Sweden's spooky Arctic Bath hotel hides an icy plunge pool beneath the Northern Lights
There are lots of cool ways to check out the magnificent Northern Lights, but they might not come any cooler than the experience to be offered by Sweden's Arctic Bath, a sister retreat to the country's Treehouse hotel. The logjam-inspired floating lodge honors the jagged piles of timber that once clogged up its river home, and offers visitors a refreshing dip in an ice-cold bath in its center.
The Lule River stretches 280 miles through northern Sweden and was once an important thoroughfare for moving timber. Now it is home to an eye-catching floating hotel that pays tribute to this heritage, cutting a spooky, serrated figure atop the waterway's surface.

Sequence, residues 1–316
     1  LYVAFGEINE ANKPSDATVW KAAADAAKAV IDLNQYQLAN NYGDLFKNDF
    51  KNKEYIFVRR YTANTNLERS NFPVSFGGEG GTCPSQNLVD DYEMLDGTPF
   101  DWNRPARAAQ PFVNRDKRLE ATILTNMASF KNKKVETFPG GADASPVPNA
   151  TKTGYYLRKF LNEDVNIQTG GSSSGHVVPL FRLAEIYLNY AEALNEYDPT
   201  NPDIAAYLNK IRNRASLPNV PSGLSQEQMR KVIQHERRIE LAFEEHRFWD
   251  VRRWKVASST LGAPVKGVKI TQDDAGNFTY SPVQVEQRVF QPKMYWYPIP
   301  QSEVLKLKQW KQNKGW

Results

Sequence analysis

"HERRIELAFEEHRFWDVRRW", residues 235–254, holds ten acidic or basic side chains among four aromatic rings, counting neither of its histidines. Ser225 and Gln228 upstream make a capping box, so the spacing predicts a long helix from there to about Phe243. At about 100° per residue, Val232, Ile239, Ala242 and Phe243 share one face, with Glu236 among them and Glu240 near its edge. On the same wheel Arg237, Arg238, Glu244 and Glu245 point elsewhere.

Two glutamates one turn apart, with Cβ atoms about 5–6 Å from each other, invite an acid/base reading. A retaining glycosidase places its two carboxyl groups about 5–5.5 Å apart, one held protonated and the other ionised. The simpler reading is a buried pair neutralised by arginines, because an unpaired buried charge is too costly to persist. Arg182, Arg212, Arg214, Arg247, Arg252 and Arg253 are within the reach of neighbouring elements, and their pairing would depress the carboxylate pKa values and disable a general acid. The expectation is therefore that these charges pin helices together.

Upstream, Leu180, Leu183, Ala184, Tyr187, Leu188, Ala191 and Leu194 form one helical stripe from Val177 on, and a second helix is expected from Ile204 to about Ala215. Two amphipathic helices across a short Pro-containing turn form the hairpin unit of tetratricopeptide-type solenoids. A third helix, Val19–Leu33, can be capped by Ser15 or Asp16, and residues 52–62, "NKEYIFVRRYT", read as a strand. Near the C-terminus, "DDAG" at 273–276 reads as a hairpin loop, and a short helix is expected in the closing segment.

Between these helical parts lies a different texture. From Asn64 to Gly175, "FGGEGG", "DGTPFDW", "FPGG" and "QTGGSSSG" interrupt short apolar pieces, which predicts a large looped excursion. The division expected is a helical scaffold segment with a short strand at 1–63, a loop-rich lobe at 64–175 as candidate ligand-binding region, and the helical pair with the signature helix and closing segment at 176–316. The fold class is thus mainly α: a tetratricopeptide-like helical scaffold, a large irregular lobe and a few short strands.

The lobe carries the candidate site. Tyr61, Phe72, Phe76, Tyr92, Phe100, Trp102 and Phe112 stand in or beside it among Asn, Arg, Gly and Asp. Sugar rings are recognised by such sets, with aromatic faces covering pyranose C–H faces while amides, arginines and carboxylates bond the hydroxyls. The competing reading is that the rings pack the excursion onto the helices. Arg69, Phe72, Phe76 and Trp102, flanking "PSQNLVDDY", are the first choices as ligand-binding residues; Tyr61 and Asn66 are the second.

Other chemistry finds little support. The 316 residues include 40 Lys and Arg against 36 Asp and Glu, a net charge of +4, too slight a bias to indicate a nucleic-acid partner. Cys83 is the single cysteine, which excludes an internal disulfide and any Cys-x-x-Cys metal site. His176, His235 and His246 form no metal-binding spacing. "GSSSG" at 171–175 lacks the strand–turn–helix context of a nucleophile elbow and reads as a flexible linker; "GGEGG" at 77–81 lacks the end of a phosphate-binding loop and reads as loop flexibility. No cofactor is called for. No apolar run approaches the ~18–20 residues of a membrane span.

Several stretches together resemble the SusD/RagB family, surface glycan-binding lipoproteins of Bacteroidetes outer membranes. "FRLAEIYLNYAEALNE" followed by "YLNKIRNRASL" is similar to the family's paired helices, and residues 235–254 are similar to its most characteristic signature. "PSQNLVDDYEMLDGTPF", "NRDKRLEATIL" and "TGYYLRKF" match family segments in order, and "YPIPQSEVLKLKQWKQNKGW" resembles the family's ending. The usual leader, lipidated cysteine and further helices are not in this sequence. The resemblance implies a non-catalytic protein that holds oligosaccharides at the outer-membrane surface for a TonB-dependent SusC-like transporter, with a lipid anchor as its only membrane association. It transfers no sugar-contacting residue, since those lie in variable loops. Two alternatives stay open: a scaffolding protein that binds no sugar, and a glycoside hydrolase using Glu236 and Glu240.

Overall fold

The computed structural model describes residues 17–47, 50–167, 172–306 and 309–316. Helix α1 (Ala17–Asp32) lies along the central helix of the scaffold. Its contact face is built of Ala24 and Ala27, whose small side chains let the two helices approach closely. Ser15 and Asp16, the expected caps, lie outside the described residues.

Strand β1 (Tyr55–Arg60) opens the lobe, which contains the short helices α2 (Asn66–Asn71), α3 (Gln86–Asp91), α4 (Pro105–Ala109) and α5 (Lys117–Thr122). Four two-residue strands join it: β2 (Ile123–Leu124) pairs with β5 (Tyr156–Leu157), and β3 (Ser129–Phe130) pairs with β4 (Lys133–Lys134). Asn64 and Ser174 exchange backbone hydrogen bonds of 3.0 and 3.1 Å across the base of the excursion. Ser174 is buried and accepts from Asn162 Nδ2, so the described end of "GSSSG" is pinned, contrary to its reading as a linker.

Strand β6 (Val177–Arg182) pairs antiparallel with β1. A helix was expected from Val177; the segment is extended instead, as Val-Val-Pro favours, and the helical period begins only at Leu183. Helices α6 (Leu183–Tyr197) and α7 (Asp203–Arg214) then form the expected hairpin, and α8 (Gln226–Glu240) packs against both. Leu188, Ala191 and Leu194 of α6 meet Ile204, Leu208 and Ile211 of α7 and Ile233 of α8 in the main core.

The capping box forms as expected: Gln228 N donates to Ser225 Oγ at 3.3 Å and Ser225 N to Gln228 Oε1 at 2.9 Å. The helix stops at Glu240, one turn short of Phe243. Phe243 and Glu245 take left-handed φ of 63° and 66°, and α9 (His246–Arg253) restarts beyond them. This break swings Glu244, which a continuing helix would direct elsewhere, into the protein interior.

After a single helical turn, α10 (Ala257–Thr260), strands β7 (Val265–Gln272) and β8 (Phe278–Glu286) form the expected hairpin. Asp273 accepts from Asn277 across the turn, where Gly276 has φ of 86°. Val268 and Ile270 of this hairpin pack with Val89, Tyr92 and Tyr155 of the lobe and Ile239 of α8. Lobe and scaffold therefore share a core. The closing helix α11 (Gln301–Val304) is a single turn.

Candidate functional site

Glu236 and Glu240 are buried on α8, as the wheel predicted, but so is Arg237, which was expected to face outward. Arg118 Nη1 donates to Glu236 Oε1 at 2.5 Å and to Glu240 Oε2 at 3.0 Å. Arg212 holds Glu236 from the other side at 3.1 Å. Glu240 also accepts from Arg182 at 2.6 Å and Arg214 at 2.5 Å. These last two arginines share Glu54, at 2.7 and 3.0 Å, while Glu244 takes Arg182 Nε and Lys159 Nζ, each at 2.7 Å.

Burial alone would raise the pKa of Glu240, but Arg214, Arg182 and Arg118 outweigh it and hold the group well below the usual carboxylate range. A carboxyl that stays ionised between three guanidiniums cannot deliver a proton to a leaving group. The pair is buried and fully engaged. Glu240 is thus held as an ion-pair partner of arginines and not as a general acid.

"The design is inspired by the timber floating era, and the importance of forests for the entire country's development," AnnKathrin Lundqvist, Project Manager for the Arctic Bath hotel, explains to New Atlas. "The main building is inspired by a jam of floating timber in the river. All of the buildings will be built out of local wood from the region."
With a focus on health and wellbeing, the structure surrounding the icy plunge pool at its heart houses four different saunas and a spa treatment room, along with six hotel rooms, a shop, bar and restaurant. Lundqvist tells us that the Northern Lights will be visible from the rooms, and that prices will start at $5,500 Swedish krona for a double (around US$700), a price which includes breakfast.
Because of the local climate, the Arctic Bath will float freely on the surface in the summer, and then be frozen in place in the winter. The developers are billing it as an exclusive hotel suitable for small conferences, group events and private parties.
The Arctic Bath is set to open at the end of 2018.
Source: Arctic Bath